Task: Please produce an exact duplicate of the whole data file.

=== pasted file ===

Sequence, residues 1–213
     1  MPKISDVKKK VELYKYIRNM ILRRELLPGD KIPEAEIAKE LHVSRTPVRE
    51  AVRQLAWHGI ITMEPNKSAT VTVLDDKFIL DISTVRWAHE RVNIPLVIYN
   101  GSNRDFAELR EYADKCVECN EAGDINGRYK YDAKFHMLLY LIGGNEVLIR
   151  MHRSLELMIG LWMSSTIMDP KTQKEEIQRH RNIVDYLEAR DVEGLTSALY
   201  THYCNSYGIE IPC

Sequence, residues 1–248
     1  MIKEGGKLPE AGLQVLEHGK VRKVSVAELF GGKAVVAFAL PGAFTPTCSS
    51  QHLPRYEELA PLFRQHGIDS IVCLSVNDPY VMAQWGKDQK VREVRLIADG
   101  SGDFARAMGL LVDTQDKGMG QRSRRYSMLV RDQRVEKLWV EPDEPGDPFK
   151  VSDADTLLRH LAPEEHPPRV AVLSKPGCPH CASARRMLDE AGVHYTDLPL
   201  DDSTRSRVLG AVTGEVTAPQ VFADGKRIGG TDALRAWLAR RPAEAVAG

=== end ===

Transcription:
Sequence, residues 1–213
     1  MPKISDVKKK VELYKYIRNM ILRRELLPGD KIPEAEIAKE LHVSRTPVRE
    51  AVRQLAWHGI ITMEPNKSAT VTVLDDKFIL DISTVRWAHE RVNIPLVIYN
   101  GSNRDFAELR EYADKCVECN EAGDINGRYK YDAKFHMLLY LIGGNEVLIR
   151  MHRSLELMIG LWMSSTIMDP KTQKEEIQRH RNIVDYLEAR DVEGLTSALY
   201  THYCNSYGIE IPC

Sequence, residues 1–248
     1  MIKEGGKLPE AGLQVLEHGK VRKVSVAELF GGKAVVAFAL PGAFTPTCSS
    51  QHLPRYEELA PLFRQHGIDS IVCLSVNDPY VMAQWGKDQK VREVRLIADG
   101  SGDFARAMGL LVDTQDKGMG QRSRRYSMLV RDQRVEKLWV EPDEPGDPFK
   151  VSDADTLLRH LAPEEHPPRV AVLSKPGCPH CASARRMLDE AGVHYTDLPL
   201  DDSTRSRVLG AVTGEVTAPQ VFADGKRIGG TDALRAWLAR RPAEAVAG